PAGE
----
potty training tipsIf you’ve read about potty training, talked to friends with young children and are still seeking additional help, here are six potty training tips you may be overlooking.

Tip #1: Make sure your child truly is ready.

FamilyDoctor.org shares signs that indicate readiness. They include your child providing signals that his or her diaper needs changed and showing interest in the potty chair or toilet. If your child articulates that he or she wants to use the potty, that’s a good sign. If your child can follow instructions, feels uncomfortable with a wet or soiled diaper, can stay dry for two hours (or even longer), wakes up from naps with a dry diaper and can pull his or her pants down and back up, those are signs of readiness.

If your child is not showing many of these signs, he or she simply may not be developmentally ready for this step. Some toddlers are ready to begin training at 18 to 24 months, while others still may be in diapers at age 3.

Check out ProjectPottyTraining.com, a site dedicated to helping parents to toilet train their children. Three of the ideas here come from this site (with six more to check out at the link provided).

Tip #2: Add high-fiber food to the meals you serve your child.

This helps to manage constipation, which could be a factor in your child’s struggles to use the toilet. You can provide him or her with high-fiber cereals, broccoli, spinach, cabbage, sweet potatoes, high-fiber yogurts, high-fiber wheat bread, prunes, apricots, apples and pears.

Tip #3: Limit the number of people involved in the process.

Ideally, only one person—someone with a strong relationship with the child—is involved. That isn’t always practical, of course. If the mom is the primary person, she may need help from her husband, her own mother or a childcare provider. In that case, agree upon common vocabulary about the processes and routines so your child doesn’t get confused.

Tip #4: Use incentives.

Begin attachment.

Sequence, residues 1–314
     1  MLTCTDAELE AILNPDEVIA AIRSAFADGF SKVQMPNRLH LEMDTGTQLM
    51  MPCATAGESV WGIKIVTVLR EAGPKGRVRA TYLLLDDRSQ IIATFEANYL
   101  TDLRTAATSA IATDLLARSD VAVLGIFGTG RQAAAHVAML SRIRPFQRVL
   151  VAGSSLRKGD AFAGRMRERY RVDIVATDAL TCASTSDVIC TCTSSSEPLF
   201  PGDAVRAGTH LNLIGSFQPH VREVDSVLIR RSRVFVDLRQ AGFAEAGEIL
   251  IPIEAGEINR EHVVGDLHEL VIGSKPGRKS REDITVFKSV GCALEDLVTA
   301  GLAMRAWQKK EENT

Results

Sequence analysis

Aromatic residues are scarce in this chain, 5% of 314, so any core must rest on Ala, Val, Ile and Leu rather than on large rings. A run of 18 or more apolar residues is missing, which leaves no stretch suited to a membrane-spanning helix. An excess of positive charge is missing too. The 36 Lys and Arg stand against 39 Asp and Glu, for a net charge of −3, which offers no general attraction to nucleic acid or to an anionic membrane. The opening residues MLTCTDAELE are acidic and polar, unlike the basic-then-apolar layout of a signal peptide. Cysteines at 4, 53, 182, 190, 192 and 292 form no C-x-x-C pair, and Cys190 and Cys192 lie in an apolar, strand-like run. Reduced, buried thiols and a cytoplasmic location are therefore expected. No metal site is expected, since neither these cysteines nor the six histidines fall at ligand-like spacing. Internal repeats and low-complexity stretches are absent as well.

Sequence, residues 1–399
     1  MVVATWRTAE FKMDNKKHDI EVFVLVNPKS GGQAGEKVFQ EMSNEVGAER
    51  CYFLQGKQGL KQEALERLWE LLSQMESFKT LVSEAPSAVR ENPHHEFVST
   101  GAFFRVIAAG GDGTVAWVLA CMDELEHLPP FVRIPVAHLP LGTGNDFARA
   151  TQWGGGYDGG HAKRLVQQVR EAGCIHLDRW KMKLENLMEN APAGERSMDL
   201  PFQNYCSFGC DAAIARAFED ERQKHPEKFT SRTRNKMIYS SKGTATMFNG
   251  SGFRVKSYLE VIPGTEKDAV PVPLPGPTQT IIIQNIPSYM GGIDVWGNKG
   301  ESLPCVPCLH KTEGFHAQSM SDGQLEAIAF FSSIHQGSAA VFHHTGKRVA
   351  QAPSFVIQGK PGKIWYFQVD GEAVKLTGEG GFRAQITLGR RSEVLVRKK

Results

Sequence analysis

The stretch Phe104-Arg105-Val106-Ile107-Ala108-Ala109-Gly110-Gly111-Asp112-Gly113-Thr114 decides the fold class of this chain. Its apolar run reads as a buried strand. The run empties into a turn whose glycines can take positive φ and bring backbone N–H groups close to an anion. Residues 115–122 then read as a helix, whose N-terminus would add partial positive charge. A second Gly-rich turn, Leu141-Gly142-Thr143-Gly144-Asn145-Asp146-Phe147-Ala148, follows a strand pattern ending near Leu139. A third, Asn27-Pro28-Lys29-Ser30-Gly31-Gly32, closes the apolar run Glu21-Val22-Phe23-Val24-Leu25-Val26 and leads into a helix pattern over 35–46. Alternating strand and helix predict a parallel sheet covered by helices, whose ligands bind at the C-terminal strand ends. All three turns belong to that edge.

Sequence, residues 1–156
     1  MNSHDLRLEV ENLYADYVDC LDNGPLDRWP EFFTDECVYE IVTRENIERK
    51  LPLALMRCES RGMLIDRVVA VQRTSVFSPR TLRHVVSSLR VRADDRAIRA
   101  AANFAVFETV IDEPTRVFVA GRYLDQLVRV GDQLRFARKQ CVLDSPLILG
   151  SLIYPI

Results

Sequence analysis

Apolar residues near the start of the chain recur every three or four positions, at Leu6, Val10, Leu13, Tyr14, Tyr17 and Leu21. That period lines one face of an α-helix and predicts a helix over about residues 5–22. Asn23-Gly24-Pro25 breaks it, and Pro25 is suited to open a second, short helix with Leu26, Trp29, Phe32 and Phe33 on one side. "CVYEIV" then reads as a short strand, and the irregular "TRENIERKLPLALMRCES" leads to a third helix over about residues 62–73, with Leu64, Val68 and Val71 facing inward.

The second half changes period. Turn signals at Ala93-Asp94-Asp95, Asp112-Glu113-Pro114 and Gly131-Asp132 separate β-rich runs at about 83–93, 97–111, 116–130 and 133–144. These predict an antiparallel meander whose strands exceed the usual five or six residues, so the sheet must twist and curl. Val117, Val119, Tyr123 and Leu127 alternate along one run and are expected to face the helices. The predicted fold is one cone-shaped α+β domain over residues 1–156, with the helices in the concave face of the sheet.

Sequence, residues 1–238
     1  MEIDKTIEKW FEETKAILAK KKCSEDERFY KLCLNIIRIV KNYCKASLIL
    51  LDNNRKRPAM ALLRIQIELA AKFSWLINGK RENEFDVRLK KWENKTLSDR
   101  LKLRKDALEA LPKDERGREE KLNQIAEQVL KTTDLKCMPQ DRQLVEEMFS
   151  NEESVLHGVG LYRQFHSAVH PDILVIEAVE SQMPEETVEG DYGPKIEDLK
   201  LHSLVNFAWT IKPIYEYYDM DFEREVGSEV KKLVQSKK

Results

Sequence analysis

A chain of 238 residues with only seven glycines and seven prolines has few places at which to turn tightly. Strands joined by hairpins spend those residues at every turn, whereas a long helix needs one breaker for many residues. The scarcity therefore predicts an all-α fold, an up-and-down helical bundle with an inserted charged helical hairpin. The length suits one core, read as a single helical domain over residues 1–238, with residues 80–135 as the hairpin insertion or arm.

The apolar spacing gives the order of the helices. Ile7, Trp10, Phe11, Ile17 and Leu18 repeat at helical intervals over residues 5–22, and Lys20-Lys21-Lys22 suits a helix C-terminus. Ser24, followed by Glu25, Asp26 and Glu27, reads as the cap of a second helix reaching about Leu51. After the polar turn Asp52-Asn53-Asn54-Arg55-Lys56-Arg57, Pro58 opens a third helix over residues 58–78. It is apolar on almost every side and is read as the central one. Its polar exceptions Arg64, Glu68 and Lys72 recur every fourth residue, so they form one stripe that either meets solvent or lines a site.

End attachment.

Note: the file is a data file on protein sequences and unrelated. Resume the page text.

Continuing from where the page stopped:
Parenting.com offers 10 training incentives you may not have tried. The first is to create potty cards. Each time your child successfully uses the toilet, punch the card. When there are six punch holes, your child receives a fun surprise. Also consider adding a few drops of food coloring to the toilet water, choosing a color that makes your child smile. Finally, reuse toilet paper tubes. Put surprise treats inside of them, wrap them in colorful tissue paper, and then let your successful potty-user choose a treat. Read the entire article for several more creative ideas.

Tip #5: Know when it’s break time.

Persistence and consistency are important, but it’s also crucial to avoid forcing the process. If your child is stressed out about something going on in his or her life, it may be more effective to take a break for a short time and then try a different approach when you resume the process.

Tip #6: Are training pants a good idea?

Experts debate this question, so you’ll hear different answers. Some believe them to be a practical aid in toilet training while others think they simply confuse the child, drawing out the process. Some believe it’s an acceptable aid at nighttime when bladder control is more difficult, but not during the day. Talk to your own doctor and pay attention to your instincts.